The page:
Both team members in this project have also spent significant time in these fields working in the arts PR/communications apparatus, as well as in blockchain development roles, and have individuals who could be considered experts in the fields of blockchain projects and contemporary art to interview for insights.

  1. In what form will you prototype your improvement idea? Eg: Code, reference design implementation, draft proposal shared with experts for feedback, A/B test of ideas with a test audience, prototype hardware, etc.

We hope to first create a rich body of ethnographic information that would be presented to experts in these fields for feedback. From that point, we would move into the creation of a mobile/web application that creates an application similar to Letterboxd with prosumer profiles but one that utilizes blockchain ledgers and also seeks to integrate with Farcaster Frames.

At this point we would move onto creating a prototype application for a closed beta test that would be shared with a number of experts in the contemporary and NFT art fields, publishing our findings from these prototypes before ideally moving into a larger-scale launch and implementation following the SoP program.

  1. How will you field-test your improvement idea? Eg: run a restricted pilot at an event, simulation, workshop, etc.

We plan to field-test the idea through a restricted beta test to make sure all of the elements of the application are functional and to see what discoveries are generated through a number of various users’ experiences with our prototype. Following this, we hope to continue to develop this program and expand it into a more formal and widespread launch after making changes and adjustments based off of the data we have collected.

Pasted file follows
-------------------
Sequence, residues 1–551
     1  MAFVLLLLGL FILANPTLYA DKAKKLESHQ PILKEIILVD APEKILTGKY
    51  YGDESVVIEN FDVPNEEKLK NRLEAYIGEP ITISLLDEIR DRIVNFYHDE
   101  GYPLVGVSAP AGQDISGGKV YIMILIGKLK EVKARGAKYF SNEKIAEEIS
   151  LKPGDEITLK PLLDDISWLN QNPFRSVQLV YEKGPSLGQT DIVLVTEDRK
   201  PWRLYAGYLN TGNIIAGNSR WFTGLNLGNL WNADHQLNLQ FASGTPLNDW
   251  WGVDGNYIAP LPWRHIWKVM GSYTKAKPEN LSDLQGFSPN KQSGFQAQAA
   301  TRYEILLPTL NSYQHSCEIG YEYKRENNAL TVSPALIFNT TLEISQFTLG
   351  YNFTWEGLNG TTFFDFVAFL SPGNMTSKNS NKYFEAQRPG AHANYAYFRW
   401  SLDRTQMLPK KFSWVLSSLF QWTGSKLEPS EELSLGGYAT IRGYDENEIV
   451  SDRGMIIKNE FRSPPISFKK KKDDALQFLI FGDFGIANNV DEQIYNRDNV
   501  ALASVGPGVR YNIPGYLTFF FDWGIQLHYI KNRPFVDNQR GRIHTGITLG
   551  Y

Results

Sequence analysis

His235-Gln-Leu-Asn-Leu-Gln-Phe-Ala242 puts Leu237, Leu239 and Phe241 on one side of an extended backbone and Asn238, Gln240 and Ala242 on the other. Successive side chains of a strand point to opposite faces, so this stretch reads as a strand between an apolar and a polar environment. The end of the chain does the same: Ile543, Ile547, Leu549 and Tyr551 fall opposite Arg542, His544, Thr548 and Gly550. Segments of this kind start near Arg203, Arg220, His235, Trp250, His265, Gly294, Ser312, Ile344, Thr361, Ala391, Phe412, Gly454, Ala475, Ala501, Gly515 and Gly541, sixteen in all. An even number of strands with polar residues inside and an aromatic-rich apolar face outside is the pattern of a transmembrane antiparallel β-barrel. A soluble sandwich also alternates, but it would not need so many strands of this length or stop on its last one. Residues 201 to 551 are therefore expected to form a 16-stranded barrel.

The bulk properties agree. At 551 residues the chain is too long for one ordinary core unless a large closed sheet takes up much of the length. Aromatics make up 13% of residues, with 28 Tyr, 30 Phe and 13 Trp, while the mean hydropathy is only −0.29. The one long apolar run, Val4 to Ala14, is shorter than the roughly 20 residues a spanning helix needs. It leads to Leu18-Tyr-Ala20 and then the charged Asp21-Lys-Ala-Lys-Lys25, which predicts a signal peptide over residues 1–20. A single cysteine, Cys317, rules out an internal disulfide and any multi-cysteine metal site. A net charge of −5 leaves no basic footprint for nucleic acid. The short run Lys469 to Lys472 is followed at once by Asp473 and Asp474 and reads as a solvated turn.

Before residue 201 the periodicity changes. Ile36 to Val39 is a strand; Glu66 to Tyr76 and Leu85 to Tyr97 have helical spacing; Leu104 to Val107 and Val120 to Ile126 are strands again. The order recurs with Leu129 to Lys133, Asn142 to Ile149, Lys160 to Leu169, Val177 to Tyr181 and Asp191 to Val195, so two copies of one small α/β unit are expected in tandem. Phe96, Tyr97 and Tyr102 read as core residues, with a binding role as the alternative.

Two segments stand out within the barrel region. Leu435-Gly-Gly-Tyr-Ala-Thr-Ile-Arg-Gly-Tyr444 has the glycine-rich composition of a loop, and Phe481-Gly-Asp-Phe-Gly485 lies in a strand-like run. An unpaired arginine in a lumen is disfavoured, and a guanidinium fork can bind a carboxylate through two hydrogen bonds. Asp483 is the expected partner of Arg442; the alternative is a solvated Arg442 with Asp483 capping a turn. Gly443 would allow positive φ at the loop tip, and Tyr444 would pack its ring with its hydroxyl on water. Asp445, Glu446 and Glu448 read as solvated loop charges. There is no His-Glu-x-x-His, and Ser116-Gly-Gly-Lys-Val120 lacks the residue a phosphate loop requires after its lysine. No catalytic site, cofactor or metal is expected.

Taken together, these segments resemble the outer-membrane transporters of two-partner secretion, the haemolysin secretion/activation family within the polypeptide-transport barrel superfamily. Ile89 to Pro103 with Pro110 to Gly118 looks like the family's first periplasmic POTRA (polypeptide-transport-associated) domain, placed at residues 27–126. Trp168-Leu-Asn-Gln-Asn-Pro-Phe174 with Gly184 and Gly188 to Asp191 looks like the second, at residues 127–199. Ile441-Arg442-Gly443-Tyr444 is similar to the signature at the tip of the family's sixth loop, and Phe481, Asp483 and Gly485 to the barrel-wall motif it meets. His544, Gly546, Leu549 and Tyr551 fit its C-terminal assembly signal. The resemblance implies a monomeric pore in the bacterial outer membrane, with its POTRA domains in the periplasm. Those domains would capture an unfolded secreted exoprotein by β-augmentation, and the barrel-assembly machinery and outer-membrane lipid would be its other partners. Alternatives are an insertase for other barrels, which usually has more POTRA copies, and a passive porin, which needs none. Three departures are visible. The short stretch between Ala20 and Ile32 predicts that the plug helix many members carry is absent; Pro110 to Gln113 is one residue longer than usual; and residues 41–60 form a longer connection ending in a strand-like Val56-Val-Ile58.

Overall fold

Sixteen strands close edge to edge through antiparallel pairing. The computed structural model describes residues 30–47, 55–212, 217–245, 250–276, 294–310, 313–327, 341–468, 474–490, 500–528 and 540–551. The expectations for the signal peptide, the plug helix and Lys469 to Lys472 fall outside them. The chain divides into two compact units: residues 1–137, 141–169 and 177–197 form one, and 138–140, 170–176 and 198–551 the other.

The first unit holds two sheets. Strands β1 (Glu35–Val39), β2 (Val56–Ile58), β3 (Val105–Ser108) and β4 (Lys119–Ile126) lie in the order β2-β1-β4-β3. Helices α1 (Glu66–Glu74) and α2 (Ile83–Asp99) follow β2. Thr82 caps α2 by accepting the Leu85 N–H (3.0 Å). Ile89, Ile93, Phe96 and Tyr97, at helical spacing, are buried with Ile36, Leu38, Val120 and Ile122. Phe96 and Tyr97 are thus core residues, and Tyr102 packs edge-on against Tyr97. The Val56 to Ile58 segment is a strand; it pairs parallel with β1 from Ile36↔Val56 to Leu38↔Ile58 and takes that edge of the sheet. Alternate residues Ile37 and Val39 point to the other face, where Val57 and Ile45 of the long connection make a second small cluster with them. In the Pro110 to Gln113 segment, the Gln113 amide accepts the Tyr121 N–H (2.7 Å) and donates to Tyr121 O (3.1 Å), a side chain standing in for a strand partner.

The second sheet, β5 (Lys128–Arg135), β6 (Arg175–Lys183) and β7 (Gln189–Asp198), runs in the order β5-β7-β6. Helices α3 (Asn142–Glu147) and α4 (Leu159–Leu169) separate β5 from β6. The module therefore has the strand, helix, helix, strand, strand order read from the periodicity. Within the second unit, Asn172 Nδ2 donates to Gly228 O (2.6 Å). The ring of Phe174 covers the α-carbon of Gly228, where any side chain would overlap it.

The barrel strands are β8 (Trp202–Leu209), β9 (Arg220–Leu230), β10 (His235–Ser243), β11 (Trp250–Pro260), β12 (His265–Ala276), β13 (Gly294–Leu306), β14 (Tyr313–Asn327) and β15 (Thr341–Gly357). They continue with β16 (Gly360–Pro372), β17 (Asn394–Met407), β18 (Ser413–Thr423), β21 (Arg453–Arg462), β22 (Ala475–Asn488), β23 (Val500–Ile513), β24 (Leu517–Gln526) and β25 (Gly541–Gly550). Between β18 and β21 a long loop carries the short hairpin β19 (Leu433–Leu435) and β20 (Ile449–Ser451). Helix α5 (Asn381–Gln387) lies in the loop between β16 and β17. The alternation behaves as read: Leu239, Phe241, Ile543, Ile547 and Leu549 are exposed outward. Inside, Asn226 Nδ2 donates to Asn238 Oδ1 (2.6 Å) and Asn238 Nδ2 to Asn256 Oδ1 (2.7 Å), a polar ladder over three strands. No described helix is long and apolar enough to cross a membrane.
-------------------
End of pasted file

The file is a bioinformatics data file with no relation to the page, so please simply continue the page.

1. Who will be able to judge the quality of your output? Ideally name a few suitable judges.

Mike Pollard (Nina Protocol CEO)
Francis Halsall (Author of Contemporary Art, Systems and the Aesthetics of Dispersion)
Seth Price (Contemporary Artist & Author of Dispersion)
Adina Glickstein (Editor at Spike Art Magazine with published research, essays, and lectures about cryptoart)
Jared Madere (Artist and Co-founder of Cryptoart gallery “Galerie Yeche Lange” (featured on Zora Zine))

  1. How will you publish and evangelize your improvement idea? Eg: Submit proposal to a standards body, publish open-source code, produce and release a software development kit etc.

We plan on publishing all of the ethnographic findings from our research and from our prototype demos. At that point, we would plan to then move from our prototype into the deployment of a blockchain-based mobile/web application along with a strategic communications campaign that deploys a variety of tactics across the crypto and contemporary art fields in order to disrupt current methodologies of communication and arts criticism and to onboard users.

At the conclusion of SoP we envision producing a high-quality dossier of research findings, along with a body of open-source code.

  1. What is the success vision for your idea?

The long-term success vision for our idea is a web and mobile platform that uses a blockchain ledger while creating a forum for people to write about art, and, by extension, formally protocolize parts of art worlds, a pre-existing system of capital exchange, regardless of whether they’re based on blockchains or in galleries and museums.

In the short-term, we hope to create a rich body of ethnographic research and a prototype application that field tests an improvement in the form of an application, and that the resulting data from demo-ing this prototype with experts would allow us to continue to work towards creating a new social protocol focused on art criticism and meaning-making.

For additional reference materials / information, please view materials tab of Protocols Portfolio